The Birth of RCA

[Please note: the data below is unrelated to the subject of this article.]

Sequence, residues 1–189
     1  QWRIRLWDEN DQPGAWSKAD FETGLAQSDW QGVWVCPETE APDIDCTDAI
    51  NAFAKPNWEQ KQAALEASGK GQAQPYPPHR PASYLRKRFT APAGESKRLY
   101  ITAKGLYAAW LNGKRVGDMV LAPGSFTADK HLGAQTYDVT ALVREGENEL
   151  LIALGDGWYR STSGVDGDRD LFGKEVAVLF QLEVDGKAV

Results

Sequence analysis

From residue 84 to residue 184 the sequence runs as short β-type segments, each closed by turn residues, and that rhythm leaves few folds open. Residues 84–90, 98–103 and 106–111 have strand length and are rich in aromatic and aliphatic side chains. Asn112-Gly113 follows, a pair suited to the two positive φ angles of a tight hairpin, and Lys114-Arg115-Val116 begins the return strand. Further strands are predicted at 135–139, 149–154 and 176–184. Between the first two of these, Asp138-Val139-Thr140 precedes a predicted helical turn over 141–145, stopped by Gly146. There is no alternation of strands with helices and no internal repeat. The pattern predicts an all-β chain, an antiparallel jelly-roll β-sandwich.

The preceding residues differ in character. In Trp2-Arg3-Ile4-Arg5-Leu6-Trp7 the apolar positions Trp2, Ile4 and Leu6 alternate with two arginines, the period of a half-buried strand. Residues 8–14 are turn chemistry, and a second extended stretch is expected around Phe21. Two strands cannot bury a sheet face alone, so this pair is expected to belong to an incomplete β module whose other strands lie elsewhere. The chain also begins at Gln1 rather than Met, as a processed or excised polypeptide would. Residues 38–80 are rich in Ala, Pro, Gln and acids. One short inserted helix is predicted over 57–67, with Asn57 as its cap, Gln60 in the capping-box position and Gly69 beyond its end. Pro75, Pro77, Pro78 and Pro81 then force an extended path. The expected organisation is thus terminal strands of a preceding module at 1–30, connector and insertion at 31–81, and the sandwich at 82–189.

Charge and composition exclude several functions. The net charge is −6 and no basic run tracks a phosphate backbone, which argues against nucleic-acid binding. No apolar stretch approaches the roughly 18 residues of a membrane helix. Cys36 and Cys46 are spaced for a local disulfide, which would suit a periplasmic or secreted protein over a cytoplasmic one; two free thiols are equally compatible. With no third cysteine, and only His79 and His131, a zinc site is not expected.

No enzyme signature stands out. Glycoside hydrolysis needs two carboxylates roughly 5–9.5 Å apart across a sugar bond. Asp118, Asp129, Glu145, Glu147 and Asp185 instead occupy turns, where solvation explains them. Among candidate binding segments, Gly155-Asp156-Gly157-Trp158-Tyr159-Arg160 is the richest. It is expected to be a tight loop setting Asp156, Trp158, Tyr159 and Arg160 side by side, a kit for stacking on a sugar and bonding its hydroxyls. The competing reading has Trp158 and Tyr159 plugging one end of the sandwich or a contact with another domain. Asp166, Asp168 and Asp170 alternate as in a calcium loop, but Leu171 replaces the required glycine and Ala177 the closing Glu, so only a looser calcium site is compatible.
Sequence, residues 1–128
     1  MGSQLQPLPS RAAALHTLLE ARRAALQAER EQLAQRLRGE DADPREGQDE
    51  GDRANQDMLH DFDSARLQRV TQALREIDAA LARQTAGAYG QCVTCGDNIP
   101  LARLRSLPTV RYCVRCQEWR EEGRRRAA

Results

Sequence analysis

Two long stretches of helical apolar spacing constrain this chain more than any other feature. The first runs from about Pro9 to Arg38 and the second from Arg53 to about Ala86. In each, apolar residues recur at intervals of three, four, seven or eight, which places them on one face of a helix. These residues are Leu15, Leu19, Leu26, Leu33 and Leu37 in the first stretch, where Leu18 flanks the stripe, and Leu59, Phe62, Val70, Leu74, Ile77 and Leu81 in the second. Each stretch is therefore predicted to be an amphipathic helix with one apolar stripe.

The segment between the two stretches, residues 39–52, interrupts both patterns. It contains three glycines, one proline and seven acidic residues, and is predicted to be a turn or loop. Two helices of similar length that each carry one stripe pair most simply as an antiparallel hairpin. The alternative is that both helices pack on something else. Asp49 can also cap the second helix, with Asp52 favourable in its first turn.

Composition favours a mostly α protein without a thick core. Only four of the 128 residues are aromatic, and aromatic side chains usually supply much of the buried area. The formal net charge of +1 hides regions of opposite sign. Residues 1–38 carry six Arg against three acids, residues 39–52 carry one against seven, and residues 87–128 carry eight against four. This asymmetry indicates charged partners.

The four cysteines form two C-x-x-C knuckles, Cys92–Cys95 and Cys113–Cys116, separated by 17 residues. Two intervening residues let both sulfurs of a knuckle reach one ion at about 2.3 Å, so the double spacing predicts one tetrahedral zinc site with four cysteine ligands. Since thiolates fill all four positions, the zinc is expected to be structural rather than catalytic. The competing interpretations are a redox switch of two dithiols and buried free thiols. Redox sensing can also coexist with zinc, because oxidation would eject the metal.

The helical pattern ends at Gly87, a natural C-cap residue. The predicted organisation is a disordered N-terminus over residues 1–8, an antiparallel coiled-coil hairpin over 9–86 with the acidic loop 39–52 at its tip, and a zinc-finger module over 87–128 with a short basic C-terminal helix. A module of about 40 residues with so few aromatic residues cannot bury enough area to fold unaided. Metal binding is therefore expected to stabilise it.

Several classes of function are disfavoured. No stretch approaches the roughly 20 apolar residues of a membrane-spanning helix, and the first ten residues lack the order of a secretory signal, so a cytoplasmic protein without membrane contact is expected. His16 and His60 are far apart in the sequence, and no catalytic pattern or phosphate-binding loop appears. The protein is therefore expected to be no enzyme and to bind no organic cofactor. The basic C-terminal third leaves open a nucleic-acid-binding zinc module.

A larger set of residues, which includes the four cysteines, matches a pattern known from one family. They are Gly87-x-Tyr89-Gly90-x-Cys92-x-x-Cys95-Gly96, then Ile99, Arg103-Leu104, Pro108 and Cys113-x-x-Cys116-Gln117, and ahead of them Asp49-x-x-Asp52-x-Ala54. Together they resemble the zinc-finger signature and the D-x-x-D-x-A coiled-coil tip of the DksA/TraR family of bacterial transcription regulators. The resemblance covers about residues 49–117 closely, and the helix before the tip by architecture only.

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I'm agreeing list the Friday before I jump on a plane and head out to Las Vegas, Nevada. Well, I read a lot of emails from a lot of different companies, and they're all attempting to entice me to go to a particular part of CAS to see their booth or their presentation, or maybe even to a hotel suite off the exhibition floor because you know, some companies will rent out a suite of rooms rather than secure exhibition space for lots of reasons. That's neither here nor there. Anyway, one of these companies the ones that sent me these emails was our CA, and the thing that really caught my eye is that in twenty nineteen RCA. Is celebrating its one hundredth anniversary RCA has been a really important company in technology for lots of different reasons. Not just consumer tech and RCA is responsible directly for two of the big broadcast networks in the United States and indirectly is responsible for the third. I thought I would explore the history of this company and what it's been through during the century of its existence. So this is the first episode where we're going to talk about the formation of RCA. But of course, this also means that I'm going to be doing a lot of backtracking because while RCA which was an initial ISM originally for Radio Corporation of America. It would become an established company in nineteen nineteen the history actually dates further back. So we've gotta talk about some other companies and some politics and some other big issues that would lead to the formation the founding. Ng of RCA. So let's go back to the eighteen hundreds in the late nineteenth century invention and innovation were rapidly. Changing the world you had the industrial revolution. And it had altered the way we do work at impacted the price of goods things became cheaper. Because it was easier to make a heck a lot more of just about everything people had more time on their hands. And at the same time, you had engineers and inventors who are experimenting with stuff like electrobi- and magnetism and radio waves entrepreneurs from around the world, some of them inventors other just business not just but others of business minded people who saw opportunity through the invention of others began to form corporations that could exploit these discoveries for profit. And they included companies like the American Telephone and telegraph company also known as AT and T also General Electric, which grew. Out of several companies one of which was founded by Thomas, Edison, himself, and many more the discovery of radio waves, and the technology that would allow humans to produce transmit and receive radio waves in a meaningful way is beyond the scope of these episodes. Besides I've talked about that a lot in earlier episodes of tech stuff. You can search the archives there tons of episodes where I talk about radio waves and the history of radio, but by the early nineteen hundreds there were a dozen or so radio operating stations in the United States. Several of these stations were owned by foreign companies and almost all of them were dedicated to transmitting signals using Morse code. So this wasn't about radio stations playing the top forty or anything like that. At this stage. These were communications stations they were meant to transmit signals from one place to another to send communications across the nation. It was sort of analogous to the telephone infrastructure. So not meant as entertainment or news source, the telephone companies had not yet entered into this business at this point these were all individual enterprises, some of which were getting pretty large and the biggest of all of them was the American Marconi company named after Marconi the guy who gets the credit for inventing radio. That is the transmission technology of radio, though, that is of course, a matter of great dispute in certain academic circles Nikola, tesla would be the other name that gets thrown around in that. And for good reason, tesla was awarded a patent early on and that patent would eventually get overturned in favor of Marconi's under somewhat shady circumstances. Anyway in the summer of nineteen fourteen war broke out in Europe somewhat optimistic. People were calling it the war to end all wars. But now, we call it World War. One thus optimism did not win out now while the United States initially maintained a neutral status during the war. The US government was already making preparations in the event that the nation would be pulled into the conflict and part of that wasn't executive order. That was signed by Woodrow Wilson on August fifth nineteen fourteen that executive order authorized, the United States navy department to censor international. Telegraph messages that were sent by radio firms, the largest of which was the Marconi company now Marconi company challenged the legality of this executive order saying this is censorship. You can't do. It. Legal battles would follow and the navy would ultimately shutdown. Marconi radio transmission station for three months until the company agreed to follow regulations in January nineteen fifteen eventually. Even this was thought to be too risky and the United States government, effectively took over the American Marconi company. And the American Marconi company was technically it was a subsidiary. It was a subsidiary of a company that had its headquarters in England. So the US government says we want to maintain Neutra neutrality. We cannot have stations that are located in the United States, sending messages on behalf of one or another of the parties that are at war in Europe because that would seem to suggest that we are on a particular side, and we want to stay out of this. So the US says in order to do this. We're going to take over your assets. They're not yours anymore. They're ours. Boo. Now at the end of the war, the United States still had those assets of the American Marconi company and the government needed a way to offload them. They didn't want to keep them. They also wanted to ensure. That those assets would remain under American control. They didn't want foreign nations to have access to critical communications technologies with on you know, on US soil. So the government approached a group of companies that included General Electric, which would become the dominant partner in this group, Westinghouse AT and T western electric and United fruit company. And if you're like me, your reaction to that last partner was probably hang on. Did he say United fruit company, and indeed Idid that company has a complex and controversial history? It was involved in various levels of government in many regions across the world, particularly in central and South America, and the Caribbean, and it was operating as an effective monopoly in a lot of places has a lot of a lot of time. With colonization. So there are a lot of negative things that kind of tie into this company's history. But in nineteen thirteen the United fruit company had established the tropical radio and telegraph company, which is kind of what brought it up as a potential partner for this enterprise. So anyway, these partners all got together, and they formed the Radio Corporation of America or see a in nineteen nineteen. It was essentially a government sanctioned monopoly in the radio industry in the United States. The companies all pooled their patents together in a series of cross licensing agreements to avoid any conflicts of having one company attempt to leverage its essential patents over the other partners in the operation of our c- as business, so essentially they were all saying here are all the patented technologies that we have at our disposal that relate to radio transmission technologies. We wanna make sure that we're not creating impediments for our. See a to do business to head up this company the partners chose a guy named David Sarnoff Sarnoff himself had a really interesting history. He was born in Russia in eighteen ninety one. But his family immigrated to America in nineteen hundred he had started working as a messenger. Boy for a telegraph company in nineteen oh six and he became a telegraph operator for the American Marconi company. A couple years later legend has it that he picked up the distress calls from the Titanic in nineteen twelve while working in the radio station that was owned by John Wanamaker, but the truth appears to be that Sarnoff had instead picked up signals of rescue ships that were responding to the Titanic's distress call. And then he relayed that information to the local press in New York. He was promoted to chief inspector of American Marconi a few years later, and he wrote a memo in nineteen sixteen in which he proposed building radios for home. Consumers and he called it a radio music box. So this is before the days of commercial radio. But he had thought this technology has the potential to bring culture, entertainment news, all sorts of stuff into the American Home. Through transmission, if we want to pursue that this was in the days when only amateur radio enthusiasts had any access to radio equipment outside of the professional industry. The otherwise the only places you would find it are in these radio stations where they were acting almost like telegraph operators. So he would then become the commercial manager for RCA eventually become the general manager. And then further down the line. The CEO Sarnoff was a really am businessman. He was also really good at self promotion, and who is also really good at sensing the potential impact of radio broadcast technology as well as related technologies like television broadcast. Sts which I'll talk more about in the next episode in the early days of our c- as history, it mainly did two things it operated, the various radio stations which were still almost exclusively transmitting messages in Morse code, and it sold radio equipment manufactured by the various companies that had formed our CA while this was intended to build out a communications infrastructure similar to the telephone system. Something else was happening at the same time that changed the course of the industry, and that something was the rise of amateur radio operators, the United States had banned amateur radio during World War One saying that they needed to have those radio waves free for communications. But the the government lifted that ban on October first nineteen nineteen and more. People were interesting radio communication and setting up their own radio receivers at home, the rise in amateur radio encouraged Sarnoff and gave credence to that idea. He had proposed a few years earlier. About his radio music box will during World War One. There were some hints at what would become the standard for commercial radio in use by the military in nineteen eighteen a publication called the wireless age featured a short range system that could broadcast news and music to hospitals to entertain convalescing soldiers, for example, on the technology front companies were exploring ways to make radio receivers. More compact in less expensive to make radio signals loud enough for commercial radio to be practical. Those radios would have to have amplification and so companies began investing in research and development to improve vacuum to manufacturing processes to make radios. Ab- radical consumer item before the transistor the vacuum tube was your primary way of taking in an incoming weak signal and boosting it to a stronger outgoing signal an amplifier in other words, I have more to say about the early days of RCA. But first, let's take. A quick break to thank our sponsor. Hey, guys. I wanna talk to you about the online furniture shopping company joy bird, because I recently got a chair from joy bird, and I am incredibly pleased with the experience not only was it seamless the furniture itself is gorgeous. And it's comfortable. It is a wonderful accent to the room that we put it in. We put it in our guest room. We got the Soto chair from joy bird in lucky turquoise. And my wife said immediately, you did a really good job picking this out. Will I didn't do that job joy bird? Did they have an incredible selection of different pieces of furniture? They are made with precision and care. They use responsibly sourced materials, and they have a three hundred sixty five day home trial. You can see how joy bird is revolutionizing online furniture shopping. Just go to create the for. Furniture that brings you joy today at joy bird dot com slash tech stuff. Go to joy dot com slash tech stuff and receive an exclusive offer for twenty five percent off your first order by using the code tech stuff. And so as RCA oversaw radio stations transmitting communications across vast distances and various companies began to work toward a goal of building. Consumer radios. The race was on for the first true commercial radio station, and it wouldn't be RCA to launch it. Instead Westinghouse applied for a license to operate such a transmission station, they applied to the US government. And received permission in nineteen twenty Westinghouse was in the business of manufacturing radios, but demand for radios was lagging behind and so leaders at the company reason that one way to increase demand would be to create programming. Now today that seems pretty clear that if you want to sell a technology to someone a technology that allows people to access content you need to create content for people to access otherwise. They just have useless tool. But this was a big step in nineteen twenty radio had mainly been used as point to point communication at that. At that stage. It's just that the points were undefined because there were no wires. So you had a receiver that could pick up a signal that would be a point. So this would open up the possible uses for radio and allow them to become entertainment devices. It was precisely the stuff Sarnoff had been saying in his memo back in nineteen sixteen Westinghouse approached a ham radio operator named Dr Frank Conrad who had already been playing records over the radio for some of his other amateur radio operator, friends and on November second nineteen twenty Westinghouse launched K D K A L of Pittsburgh, Pennsylvania. It was the first commercial radio station Sarnoff had been working on his own approach receiving the blessing of the companies that founded our CA to do. So they gave him some funds. So that he could pursue this and on July. Nineteen twenty one Sarnoff showed off the market potential for radio by broadcasting a boxing match between Jack Dempsey, and George Carpentier Dempsey was a celebrated US champion Carpentier was a boxing hero in France. And he had a reputation for knocking out British champions. So this was a super hyped event. Back in nineteen twenty one Dempsey would win by knockout in the fourth round. And the broadcast was a sensational hit our CA began to sell more radio receivers to customers and radio stations began popping up all over the United States. The first radio commercial on record happened in August, nineteen twenty two when a New York real estate developer. Aired an ad in New York City two years later in nineteen twenty four there were more than six hundred commercial radio stations in the United States, these were mostly independent stations. And that's when RCA made a really big move in the industry. Partnering with Westinghouse and AT and T RCA formed a new company called the national broadcasting company or in B C, which had its first broadcast on November fifteenth nineteen twenty six the concept was that NBC would produce material for broadcast, which would then be sent out over different radio stations in different regions with the stations being part of the overall network, which was a new idea the time, you know, create your your content in a central location and then distribute it using these various radio stations that was revolutionary NBC had to Simi independent networks under its governance shortly after it was formed so it split off. It's it's operations into two networks. One was called the blue network and one was called the red network. So yet NBC blue and NBC writ. The center of the blue network was a radio station called w Jay z which had been founded by Westinghouse in. In nineteen twenty one the center for the red network was a station called W E A F which was founded by AT and T in nineteen Twenty-three while all this was going on Sarnoff was already looking at the potential future of television in nineteen twenty four RCA transmitted the first transatlantic radio photo from New York to London. This is before the invention of electronic televisions when the early prototype TV's were largely mechanical in nature, and I talked about that in the history of television episodes on tech stuff. So there was a limited market for mechanical televisions. They really didn't make a lot of progress in the consumer market. They were very expensive. They are very complicated. And they had limited successful results. Let's say, but the real boon would come when inventors began to create electric televisions, and that wouldn't begin until the late nineteen twenty s and when we talk about commercial TV's your timeout. Two more decades on top of that. Now, this is not entirely a happy story in nineteen twenty nine Sarnoff met with an engineer at Westinghouse named Vladimir Zorkin. And if you've listened to my episodes about the origins of television, you knows working is one of two inventors who typically get the title of inventor of television. The other would be Filo Farnsworth Sarnoff convinced Westinghouse to fund Zorkin's work, and in nineteen thirty RCA would take over the research as work would actually go over to our CEO as well become an RCA employee Sarnoff seeing the power of patents wanted to run out of business any person or company he felt was Horning in on his action. And so in nineteen thirty two RCA would file a patent suit against Filo Farnsworth. The case would last seven years ultimately Farnsworth would win that case. RCA would have to pay fines and royalties to. But by that time, his health was in shambles. He had had a nervous breakdown from all the stress, and I'm going to get back to Sarnoff litigious ways throughout these episodes. But bouncing back to nineteen twenty nine for a moment. So this is before all of the legality issues with Farnsworth. I need to talk about another company that would play a very important part in our see as early history. Now, if you heard my episodes about the history of turntables, you'll remember the early days of the phonograph and the graph own and the gramophone I covered a little bit of the turbulent patent battles in the cutthroat business strategies that are all part of the early days of home audio and I'll have to do a more in depth series in the future to really focus on it. Because it gets nasty all but the Victor talking machine company was born directly out of all that strife now since this is not an episode about Victor. I'm just. To give you the super short version, which let's face it. I'm Jonathan Strickland of tech stuff super short for me as a lecture for anybody else. But let's go with it. The Berliner gramophone company of Philadelphia. Founded by Emile Berliner was the company that really was the focus of this. This strife Berliner gets the credit for inventing. The first flat disc record before his invention engineers would press recordings onto cylinders. So you had these cylinders that you had put on a spool essentially that would then rotate, and you could play it back on of various devices the discs were much easier to store, right? You didn't have as much space as much bulk as a cylinder dead. There were easier to ship and wants the manufacturing process was refined. They lasted a lot longer than cylinders did as well. It took a while to get the right materials. But once they did those disks just seemed more practical Berliner made a deal. Deal with an enterprising manufacturer and machinist named Eldridge. R Johnson Johnson developed a wind up spring motor for Berliners gramophones now previously those gramophones had relied on hand cranks. So you'd literally turn a crank which would then turn the gears inside the device and turn the platter. So that you could listen to the disk being played back on the gramophone Johnson. Did good work. He created a spring motor that worked reliably, but Berliner would enter into a sales agreement with a man named Frank seaman, and this would lead to massive trouble. Frankie wanted more money for himself and eventually began to sell knockoffs of Berliners works while simultaneously bringing legal action much of its spurious in nature against both Berliner and Johnson the process eventually prevented Berliner from selling gramophones in the United States and nearly bankrupted. Both Berliner and Johnson in the process, and this was infuriating to them. I mean, they were the ones who had created this technology and now this salesman. They had worked with was claiming that they were the ones infringing on his patents, his ideas and his trade secrets, but in nineteen oh, one Johnson Berliner and some other entrepreneurs got together and founded a new consolidated company that took Berliners facilities and Johnson's manufacturing plants as the basis for the new organization, and this was the Victor talking machine company which incorporated on October third nineteen o one. So the Victor talking machine company was older than the Radio Corporation of America. That would not be born until nineteen nineteen but Sarnoff looked at the Victor talking machine company and thought this is a way I could sell more radios, I could take this company and take their product the the gramophone. Essentially, although they didn't call it that in the United States like they couldn't that. They started calling it things like the Victoria, those one that the Victor company made I can take that I can incorporate a radio into the design of those machines sell it as a new product and sell more radios this way, also just as a quick aside. The Victor trademark is one of the more famous ones in business history shows a dog specifically a FOX terrier sitting in front of a gramophone horn. And the dog's head is tilted slightly from a painting, titled his master's voice and the artist was Francis borrowed, and it was made in eighteen ninety nine the dog was named Nipper and once belonged to Borodin's nephew, Mark, Mark had tragically passed away. And then Francis sawn Nipper one day sitting near gramophone with his head cocked. And that led Francis. To wonder what the dog's reaction would be if they had happened to be playing a recording of. Of his old master, Mark speaking that was the expression for the painting. They tried selling the painting as a magazine illustration to no avail, and ultimately sold it to the gramophone company for the princely sum of one hundred pounds. Sterling Johnson got permission from the gramophone company to use it for his products under the Victor company and Berliner trademark the design at some point transferred that trademark over to the Victor company. The whole story is super fascinating. And I'm sure I'll devote a future episode to the Victor talking machine company. But for now, let's remember that it started in nineteen Ninety-one. And even though it grew out of an older company. And then would eventually get incorporated into our CA. I'll explain more in just a moment. But first, let's take another quick break to thank our sponsor. Hey, guys. I wanna talk to you about the online furniture shopping company joy bird, because I recently got a chair from joy bird, and I am incredibly pleased with the experience not only was it seamless the furniture itself is gorgeous. And it's comfortable. It is a wonderful accent to the room that we put it in. We put it in our guest room. We got the Soto chair from joy bird and lucky turquoise. And my wife said immediately, you did a really good job picking this out. Will I didn't do that job joy bird? Did they have an incredible selection of different pieces of furniture? They are made with precision and care. They use responsibly sourced materials, and they have a three hundred sixty five day home trial. You can see how joy bird is revolutionizing online furniture shopping. Just go to create the furniture. That brings you joy today at joy bird dot com slash tech stuff. 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The acquisition of the Victor talking machine company met that RCA was now getting into the consumer electronics business. Keep in mind up until nineteen twenty nine are see was primarily in the business of operating radio broadcast stations and selling what was -ffective -ly industrial equipment. But now RCA owned the company that had created the icon Vitrolles machine, and they created a subsidiary company called RCA, Victor that company also took a majority ownership in the Japan Victor company, which is also known as J V C also in nineteen twenty nine Arcadio radio. Pictures released a film called syncopation which relied upon a new technique called RC a photo phone, which is not to be confused with the technology developed by Alexander Graham, Bell that was also called photo phone now, this was a technique of recording audio onto film for the purposes of synchronization. Sized visuals and audio in other words away of making talking pictures and the formation of archaic pictures at self is a great story that ties directly into our history of our CA. So the development of the RCA photo phone technology date back to the early nineteen twenty s there was a man named Charles a husky who was working on recording audio to photographic film as a project for General Electric, which you'll remember was one of the founding partners that created our CA. Now hawks these work, and that time was more about preserving audio recordings for playback, not necessarily as a way of creating talking pictures, but just recording audio in itself, but by the mid twenties General Electric was thinking about applying hawks he's work in the direction of talking pictures. Now, the desire to match sound to moving images dated back to the earliest moving pictures. Edison himself worked on this challenge. And a lot of different companies were taking various approaches. To this problem. So for example, Warner Brothers had created a system called vita phone vita phone, you would record a soundtrack onto a disk similar to in L P record when you're ready to play the film. You would synchronize the film playback with the audio from the disk. So that was a pretty primitive approach, but it was how some early talking pictures were made including the first one the jazz singer, which debuted in nineteen twenty seven RCA photo phone used a totally different approach. The sound was recorded in a narrow band on the side of the frame of film. Some actual photo reactive film. The band would be out of you. When the film was put through a projector. There was a frame on a projector that covers up the edges of the film. And the audio track is on one of those edges. The wits of this strip on the side of the film varies with the frequency of the sound. That was record. Id onto the film. So essentially if sound that's transmitted into a microphone, it is turned into an electric signal which in turn is used to treat this this federal to film. So that it has this record of the frequency. It's almost like a wave form if you were to think of that, you know, in the modern sense if you were to look at an audio file on a audio editing software. So then when you're playing it back. You have a bright lamp that shines light through this narrow strip. And you have a photo sell that picks up the light that's coming through, and it generates an electric current that matches the amount of light that's hitting the photo cell, and that signal goes to a pre amplifier, which can then boost the signal strength. So it can go to an amplifier. And then ultimately speakers the lamp for reading this optical sound. And the photo cell are not in the same position. As the projection lamp, though, it just get in the way. So. This is actually it creates something of a challenge. It means that the soundtrack is offset from the actual frames of the film itself. The soundtrack is either running a little ahead or a little behind the action of the film, depending upon the method that was actually used so in playback, it's all synchronized because if you as you put the fell through the right type of projector. The audio track gets read through the audio system at the same time as the video or the film rather the images are being projected through the projection lamp, and I'll get synchronized together so in playback, synchronized. But if you were to look at the film itself, like if you took the film out of the projector, then you held it up to the light. And you saw where the audio track is the audio. You're looking at would not be the audio that occurs in synchronisation with the image. You're looking at the advantage of that approach was. That all the synchronization would be done beforehand. You didn't have to set up a disk and a film in separate chambers to try and match up to each other. It was all in one piece of film, but the format itself changed several times sometimes with the optical soundtrack running ahead of the actions of us behind the action. This meant that movie theaters had to invest in different equipment to play back those films properly because if you put in a film where the soundtrack ran a little ahead of the action, but you put it in a projector that was designed to run a film that had the audio a little behind the action. You would have terrible experiences because the audio would not be at all synchronized with what was happening on screen. It would just be a total mess. This ended up creating kind of a format war that waged in the late twenties after RCA's approach debuted. It was not the only audio on film format and it also did bad. With the via phone approach where it was the the recorded two disc version now on the production side, if you were making films, it also changed how movies were made because if you watch some of the early films with sound like some of the first films that had sound in it, you might notice. People don't move very much shots are pretty static actors tend to remain in place. Well, this was largely because of the limitations of these sound recording equipment at the time microphones were large and bulky and typically Omni directional actors needed to be close to the microphones. So that they could be heard clearly, but they also couldn't move around very much because the microphones would pick up everything. So you just have a love noise the cameras themselves which had been motorized in the late nineteen twenties to create a standard frame rate of twenty four frames per second. That was necessary in order to have reliable sound playback. Those cameras made a lot of noise to in those early. Days and that could get picked up by the microphones. So as a result, the common practice was to put the cameras in enclosed somewhat soundproofed chambers. The camera man a camera operator, if you prefer would be inside that chamber with the camera, and they would be isolated from the rest of the set. So that the sound wouldn't leak through they were jokingly referred to as iceboxes I say jokingly because it would actually get scorchingly hot inside those as the cameras were running, and it limited what you could do with a camera, you could pan the camera a little bit on tripod. But that was about it. And so early talkies typically don't have very much movement or action in them, which was a big change from the early days of silent films because in those days actors would make these really big dramatic movements in an effort to tell a story because they could not be heard another thing that would change was that in the early days film, crews captured audio and images on the same film at the same time. Time. So in other words, the audio and images were both being directly recorded to the same strip of photographic film. This made editing really tricky. Because again, the audio track wasn't indirect line with the images. It was running a little head or a little behind. So you couldn't just snip film to create a transition or cut out a mistake because the audio wasn't lined up directly with whatever was happening in the image. And that would eventually changed when the industry began to capture images and audio separately and would only combine them after the editing process to create a master print the audio track and the images were still offset. But you could at least make edits to the film without messing up the soundtrack, and you could do the same to the audio track without messing up the film RCA's photo phone would go up against not only the vita phone system from Warner Brothers. But another sound on film system called movie tone movie tone came from a western electric subsidiary called. Electrical research products, Inc, or E, R P. I that's this time was the dominant one when RCA was ready to debut photo phone. So again, the company goes out and says what can we do to really compete in this market again idea? Let's make a new company. So they go out they purchased the Keith Albee orpheum chain of theatres that was a chain of the Inter's. That wasn't wasn't just motion picture theaters. But also vaudeville the enters as well. So our C goes out and buys this company that owns these multiple theaters. And then they merged that company with another company they buy called film, booking offices of America or F B O and the merger of these two acquisitions becomes the radio, Keith orpheum or are K O pictures company, so RCA created an entirely new corporation in order to put its motion picture audio format onto the market. And it worked photo phone would eventually evolve into the industry standard, pretty audacious move. And not the last one from RCA in our next episode. We will continue this story to talk about how our a weathered the great, depression, and what it was doing during World War Two. If you guys have suggestions for future episodes of tech stuff. Let me know semi an Email. The address is tech stuff at how stuff works dot com or head over to our website. That's tech stuff podcast dot com. You'll see the archive of older episodes. They're in different ways to contact us, including on social media. Don't forget to visit our merchandise store. That's not public dot com slash tech stuff. Remember every purchase? You make goes to help the show and we greatly. Appreciate it. And I'll talk to again releasing. For more on this and bathrooms of other topics. Visit how stuff works out com. Hey, guys wanna tell you about a brand new show called the brink. This is a podcast that's been in the works for a really long time. And the hosts are well, there is a handsome devil Nate Jonathan Strickland and his good friend Ariel cast. And together we bring to you stories about big moments in business that were make or break situations. And what happens when people have to make that pivotal decision. In some cases, things turn around and company that was on the verge of extinction will find a new life and be rejuvenated and everything's happy. Sometimes things don't go. So well, and we learn about those stories as well. 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